You Survived Q4; Now What?

 
 
By Joseph C. Panettieri  |  Posted 2001-01-29 Email Print this article Print
 
 
 
 
 
 
 

The IT spending slowdown is here, and it intends to stick around for a while.

Think its tough to survive in the Australian Outback? Try keeping your company healthy during the IT spending slowdown. In recent days, many high-tech companies have issued chilly financial forecasts for Q1. But not everyone is in a deep freeze.

Computer Associates, EMC, IBM, Oracle and Siebel Systems all announced strong financial results in recent weeks. Nevertheless, the high-tech sector—from chips to hardware to networking—has had its share of ugly surprises in recent weeks (see chart, opposite page).

The only exception is the high-end storage market, where Compaq Computer, EMC, IBM and other companies continue to drive revenue through partners.

The networking sector, meanwhile, has been particularly difficult to track. 3Com says its readying layoffs to cut annual costs by $200 million. And former industry stars like Foundry Networks and Lucent Technologies are struggling to keep pace with Cisco Systems, Extreme Networks and Nortel Networks.

Just last week, Lucent announced plans for 10,000 layoffs. The company intends to slash costs by $2 billion, as it strives to get back into the black. Lucents layoff bomb landed the same day that Extreme Networks delivered strong Q2 results.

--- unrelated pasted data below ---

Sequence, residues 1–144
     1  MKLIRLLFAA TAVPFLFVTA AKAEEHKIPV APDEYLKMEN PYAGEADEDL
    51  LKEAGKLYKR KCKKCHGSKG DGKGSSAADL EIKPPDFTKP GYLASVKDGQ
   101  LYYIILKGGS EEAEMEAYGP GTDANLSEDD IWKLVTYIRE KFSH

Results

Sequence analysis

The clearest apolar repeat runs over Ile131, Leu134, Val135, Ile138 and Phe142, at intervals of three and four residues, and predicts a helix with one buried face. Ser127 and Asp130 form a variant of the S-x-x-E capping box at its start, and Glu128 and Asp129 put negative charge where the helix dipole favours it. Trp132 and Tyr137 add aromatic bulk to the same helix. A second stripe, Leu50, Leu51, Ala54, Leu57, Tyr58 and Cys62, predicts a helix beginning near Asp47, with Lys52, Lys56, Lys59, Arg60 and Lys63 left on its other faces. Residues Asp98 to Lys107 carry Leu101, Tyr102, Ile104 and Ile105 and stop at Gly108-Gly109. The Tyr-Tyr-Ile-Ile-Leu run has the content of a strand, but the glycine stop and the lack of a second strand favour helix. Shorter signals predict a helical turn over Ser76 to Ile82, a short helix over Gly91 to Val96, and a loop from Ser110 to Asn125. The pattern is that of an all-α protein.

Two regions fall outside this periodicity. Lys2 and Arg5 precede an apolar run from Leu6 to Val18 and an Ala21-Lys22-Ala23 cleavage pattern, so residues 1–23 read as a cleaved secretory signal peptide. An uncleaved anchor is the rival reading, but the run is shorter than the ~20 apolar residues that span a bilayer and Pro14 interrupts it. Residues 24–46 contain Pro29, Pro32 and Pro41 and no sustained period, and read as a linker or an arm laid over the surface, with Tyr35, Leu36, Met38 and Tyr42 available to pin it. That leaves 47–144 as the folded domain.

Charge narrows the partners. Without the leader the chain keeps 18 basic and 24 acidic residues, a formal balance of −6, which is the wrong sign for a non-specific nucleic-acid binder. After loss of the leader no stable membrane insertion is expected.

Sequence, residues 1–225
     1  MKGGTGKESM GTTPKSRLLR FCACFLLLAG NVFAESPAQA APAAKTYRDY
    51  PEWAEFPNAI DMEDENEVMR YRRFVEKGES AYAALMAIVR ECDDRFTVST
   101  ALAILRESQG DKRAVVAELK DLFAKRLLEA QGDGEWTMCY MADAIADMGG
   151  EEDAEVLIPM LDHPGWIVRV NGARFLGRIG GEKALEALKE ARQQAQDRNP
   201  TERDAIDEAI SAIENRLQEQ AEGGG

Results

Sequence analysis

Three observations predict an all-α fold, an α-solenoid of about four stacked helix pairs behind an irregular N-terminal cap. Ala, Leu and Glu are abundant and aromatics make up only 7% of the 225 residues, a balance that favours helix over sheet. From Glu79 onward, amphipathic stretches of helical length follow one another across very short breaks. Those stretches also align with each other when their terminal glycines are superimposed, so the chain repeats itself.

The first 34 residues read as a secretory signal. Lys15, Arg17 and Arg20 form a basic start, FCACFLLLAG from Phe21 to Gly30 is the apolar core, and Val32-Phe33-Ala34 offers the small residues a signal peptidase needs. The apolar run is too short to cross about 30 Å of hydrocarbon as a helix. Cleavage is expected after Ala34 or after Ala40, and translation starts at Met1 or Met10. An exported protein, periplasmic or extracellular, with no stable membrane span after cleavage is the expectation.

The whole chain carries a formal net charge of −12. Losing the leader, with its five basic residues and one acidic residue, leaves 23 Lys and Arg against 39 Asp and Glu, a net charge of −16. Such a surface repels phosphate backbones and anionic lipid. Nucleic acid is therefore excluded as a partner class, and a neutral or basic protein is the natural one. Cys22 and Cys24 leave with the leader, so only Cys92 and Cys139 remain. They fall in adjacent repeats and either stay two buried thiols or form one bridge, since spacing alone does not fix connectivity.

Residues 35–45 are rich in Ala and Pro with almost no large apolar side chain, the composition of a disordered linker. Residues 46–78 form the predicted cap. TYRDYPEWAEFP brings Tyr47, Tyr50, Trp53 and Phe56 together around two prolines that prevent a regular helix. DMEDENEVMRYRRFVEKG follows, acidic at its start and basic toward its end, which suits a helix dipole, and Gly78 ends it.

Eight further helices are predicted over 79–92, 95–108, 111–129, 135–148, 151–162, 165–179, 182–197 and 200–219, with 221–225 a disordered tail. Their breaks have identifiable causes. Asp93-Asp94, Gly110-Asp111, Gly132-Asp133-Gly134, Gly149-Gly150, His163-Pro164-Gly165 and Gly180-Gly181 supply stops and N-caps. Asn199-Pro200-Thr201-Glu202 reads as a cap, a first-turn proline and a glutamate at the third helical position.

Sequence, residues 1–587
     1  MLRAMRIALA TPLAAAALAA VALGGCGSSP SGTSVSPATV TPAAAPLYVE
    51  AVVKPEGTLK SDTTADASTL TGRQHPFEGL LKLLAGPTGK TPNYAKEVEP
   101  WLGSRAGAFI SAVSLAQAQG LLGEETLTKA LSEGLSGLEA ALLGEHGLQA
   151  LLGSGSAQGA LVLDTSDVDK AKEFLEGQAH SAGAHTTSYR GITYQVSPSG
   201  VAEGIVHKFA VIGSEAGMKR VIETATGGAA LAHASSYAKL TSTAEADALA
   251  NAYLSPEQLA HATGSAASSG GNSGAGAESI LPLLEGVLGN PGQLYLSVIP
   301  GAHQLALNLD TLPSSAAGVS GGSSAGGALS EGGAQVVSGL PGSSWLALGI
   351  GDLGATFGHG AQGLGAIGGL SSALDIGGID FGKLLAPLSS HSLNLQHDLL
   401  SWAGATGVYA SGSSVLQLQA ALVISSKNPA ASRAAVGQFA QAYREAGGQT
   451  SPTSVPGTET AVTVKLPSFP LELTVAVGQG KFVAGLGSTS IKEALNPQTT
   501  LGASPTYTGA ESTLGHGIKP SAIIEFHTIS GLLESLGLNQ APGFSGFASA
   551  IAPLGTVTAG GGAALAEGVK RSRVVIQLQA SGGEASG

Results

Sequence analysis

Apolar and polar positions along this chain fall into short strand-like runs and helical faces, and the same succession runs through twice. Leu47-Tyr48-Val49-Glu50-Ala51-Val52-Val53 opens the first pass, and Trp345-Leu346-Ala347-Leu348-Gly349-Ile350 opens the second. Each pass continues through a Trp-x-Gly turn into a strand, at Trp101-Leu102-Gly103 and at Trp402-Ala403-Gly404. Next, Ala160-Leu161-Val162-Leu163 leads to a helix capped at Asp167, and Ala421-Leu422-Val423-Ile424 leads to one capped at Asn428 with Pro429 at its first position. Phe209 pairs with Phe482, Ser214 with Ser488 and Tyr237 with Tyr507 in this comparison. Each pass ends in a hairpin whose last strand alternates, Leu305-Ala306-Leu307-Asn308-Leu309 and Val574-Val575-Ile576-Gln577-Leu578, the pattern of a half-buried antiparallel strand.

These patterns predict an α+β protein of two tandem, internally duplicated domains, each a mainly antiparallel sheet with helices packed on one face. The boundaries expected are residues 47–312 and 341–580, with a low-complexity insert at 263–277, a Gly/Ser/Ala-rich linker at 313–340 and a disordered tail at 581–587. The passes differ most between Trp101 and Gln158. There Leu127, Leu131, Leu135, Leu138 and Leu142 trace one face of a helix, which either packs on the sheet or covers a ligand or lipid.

Still, networking market leaders see slowing sales growth in the weeks to come. Even Cisco CEO John Chambers is less bullish than usual. During a financial conference in Arizona earlier this month, Chambers said Ciscos current quarter is "a little more challenging" than expected. Cisco is slated to release Q2 results on Feb. 6.

The software market has been equally perplexing, especially in the systems-management sector. Aprisma Management Technologies (a Cabletron Systems subsidiary) says sales will grow more than 70 percent during the companys current fiscal year, which ends in about five weeks. Likewise, CA announced strong quarterly results last week. Yet, IBMs Tivoli unit stumbled badly in Q4. Tivolis ugly performance was the one blemish in IBMs otherwise solid quarter.

Even Microsoft was forced to issue an earnings warning in December—its first such warning in a decade—because of the slow PC market. Apple Computer, Compaq, Gateway and Hewlett-Packard all have hit financial bumps in recent weeks. Hardest hit was Gateway, which is planning layoffs to bring costs in line with sales.

Compaq wasnt spared, either. After hoping for 10 percent growth this year, the company now says it expects single-digit growth in the 6 percent to 8 percent range. But the news isnt all bad. CEO Michael Capellas says Compaqs enterprise business—spanning servers and storage—offset softness in the PC market.

Still, Wall Street is bracing for an extended slowdown. "Its pretty nice to be privately held right now," quips Candle vice chairman Robert LaBant.

 
 
 
 
 
 
 
 
 
 
 

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